10

Why does the compiler reject this code with the following error? (I am using VS 2017 with C# 7.3 enabled.)

CS0019 Operator '==' cannot be applied to operands of type 'T' and 'T'

public class GenericTest<T> where T : Enum
{
    public bool Compare(T a, T b)
    {
        return a == b;
    }
}

The version without generics is of course perfectly valid.

public enum A { ONE, TWO, THREE };

public class Test
{
    public bool Compare(A a, A b)
    {
        return a == b;
    }
}
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  • 6
    return a.Equals(b);? – Dmitry Bychenko Aug 2 '19 at 7:03
  • 5
    possible Duplicate stackoverflow.com/questions/390900/… – Anu Viswan Aug 2 '19 at 7:08
  • 1
    Interesting. class, MyClass, delegate, Type doesn't have this limitation, struct, enum, unmanaged, IMyInterface have. In other words it is only allowed if compiler can be sure it's reference type. – Sinatr Aug 2 '19 at 7:28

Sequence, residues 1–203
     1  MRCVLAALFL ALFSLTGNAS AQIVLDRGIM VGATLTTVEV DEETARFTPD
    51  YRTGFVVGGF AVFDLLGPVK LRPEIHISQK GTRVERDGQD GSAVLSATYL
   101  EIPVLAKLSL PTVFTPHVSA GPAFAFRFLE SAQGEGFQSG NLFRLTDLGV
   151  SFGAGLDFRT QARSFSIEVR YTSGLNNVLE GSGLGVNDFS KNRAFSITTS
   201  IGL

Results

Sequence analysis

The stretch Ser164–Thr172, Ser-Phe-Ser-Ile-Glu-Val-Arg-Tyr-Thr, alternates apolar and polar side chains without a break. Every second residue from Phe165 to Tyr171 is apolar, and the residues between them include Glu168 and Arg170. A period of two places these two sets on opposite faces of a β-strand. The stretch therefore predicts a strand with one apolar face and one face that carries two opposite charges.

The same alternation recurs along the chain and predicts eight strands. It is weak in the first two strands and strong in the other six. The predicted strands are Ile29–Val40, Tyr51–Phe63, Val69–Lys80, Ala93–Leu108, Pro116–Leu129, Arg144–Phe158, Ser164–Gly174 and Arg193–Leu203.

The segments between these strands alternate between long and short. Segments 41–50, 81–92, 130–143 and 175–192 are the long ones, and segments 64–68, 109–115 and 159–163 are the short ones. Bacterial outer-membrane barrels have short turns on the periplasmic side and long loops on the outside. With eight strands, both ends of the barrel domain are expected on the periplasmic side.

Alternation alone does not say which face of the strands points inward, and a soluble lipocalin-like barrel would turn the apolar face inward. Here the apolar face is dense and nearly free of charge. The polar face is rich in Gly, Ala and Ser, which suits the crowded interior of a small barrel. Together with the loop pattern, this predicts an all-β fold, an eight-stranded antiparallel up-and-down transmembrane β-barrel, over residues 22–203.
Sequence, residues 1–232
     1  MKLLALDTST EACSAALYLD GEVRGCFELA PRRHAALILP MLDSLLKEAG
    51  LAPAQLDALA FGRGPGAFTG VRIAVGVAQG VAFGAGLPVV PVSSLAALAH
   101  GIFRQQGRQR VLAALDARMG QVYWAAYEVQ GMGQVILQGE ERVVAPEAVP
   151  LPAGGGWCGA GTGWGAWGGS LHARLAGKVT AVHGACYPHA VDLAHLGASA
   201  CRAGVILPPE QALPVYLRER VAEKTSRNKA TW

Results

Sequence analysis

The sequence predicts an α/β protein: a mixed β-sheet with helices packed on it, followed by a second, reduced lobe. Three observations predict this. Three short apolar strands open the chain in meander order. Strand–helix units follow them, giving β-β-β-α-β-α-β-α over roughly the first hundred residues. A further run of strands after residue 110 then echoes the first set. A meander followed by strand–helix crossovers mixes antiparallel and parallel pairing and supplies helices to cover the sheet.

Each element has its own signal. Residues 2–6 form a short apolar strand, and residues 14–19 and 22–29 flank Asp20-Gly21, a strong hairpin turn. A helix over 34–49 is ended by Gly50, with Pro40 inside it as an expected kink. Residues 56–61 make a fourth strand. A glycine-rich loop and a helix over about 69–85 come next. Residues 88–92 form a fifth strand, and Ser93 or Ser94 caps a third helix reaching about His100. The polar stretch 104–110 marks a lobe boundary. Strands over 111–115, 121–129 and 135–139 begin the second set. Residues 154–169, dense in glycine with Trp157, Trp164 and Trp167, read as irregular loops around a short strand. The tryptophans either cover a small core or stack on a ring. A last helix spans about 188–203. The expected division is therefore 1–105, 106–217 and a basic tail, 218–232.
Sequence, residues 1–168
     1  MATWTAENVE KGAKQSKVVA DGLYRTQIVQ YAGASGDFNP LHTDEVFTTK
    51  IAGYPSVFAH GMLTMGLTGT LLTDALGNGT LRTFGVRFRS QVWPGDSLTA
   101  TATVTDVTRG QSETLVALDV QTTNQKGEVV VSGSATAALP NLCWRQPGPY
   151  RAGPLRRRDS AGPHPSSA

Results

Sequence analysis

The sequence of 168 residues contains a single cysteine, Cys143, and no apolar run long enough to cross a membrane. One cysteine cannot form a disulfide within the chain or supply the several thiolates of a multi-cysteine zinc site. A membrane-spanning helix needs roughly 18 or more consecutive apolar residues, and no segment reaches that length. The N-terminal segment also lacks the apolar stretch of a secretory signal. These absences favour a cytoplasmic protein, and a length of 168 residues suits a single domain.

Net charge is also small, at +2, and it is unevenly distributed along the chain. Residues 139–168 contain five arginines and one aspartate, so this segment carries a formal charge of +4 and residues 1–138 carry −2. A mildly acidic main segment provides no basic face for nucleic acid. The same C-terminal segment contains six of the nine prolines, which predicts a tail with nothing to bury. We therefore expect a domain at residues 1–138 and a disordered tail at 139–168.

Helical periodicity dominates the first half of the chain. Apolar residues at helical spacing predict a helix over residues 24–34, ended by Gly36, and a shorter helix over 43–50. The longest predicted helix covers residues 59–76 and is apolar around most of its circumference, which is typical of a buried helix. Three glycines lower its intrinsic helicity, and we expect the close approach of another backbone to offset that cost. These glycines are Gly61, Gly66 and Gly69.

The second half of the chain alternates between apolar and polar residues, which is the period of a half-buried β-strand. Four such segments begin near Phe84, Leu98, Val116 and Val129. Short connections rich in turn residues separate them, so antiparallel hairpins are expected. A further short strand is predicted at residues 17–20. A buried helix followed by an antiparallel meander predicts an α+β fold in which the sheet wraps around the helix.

• @DmitryBychenko: This works but I don't understand why. – Frank Puffer Aug 2 '19 at 7:31
  • 1
    @AnuViswan: The difference is that in my example the compiler should know it is an enum and thus should be comparable. – Frank Puffer Aug 2 '19 at 7:36
7

The compiler cannot rely on the operator == being implemented for every type provided for T. You could add a constraint to restrict T to class, but that would not allow you to use it for your enum, due to the enum not being a reference type. Adding struct as a constraint would also not allow you to use the operator because structs don't always have an implementation of the == operator, but you could use a.Equals(b) in that case instead.

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  • 1
    It's more than that. operator == has to be static, so it's not even part of the set of methods of T that could ever be used in a generic implementation. – Matthew Watson Aug 2 '19 at 7:50

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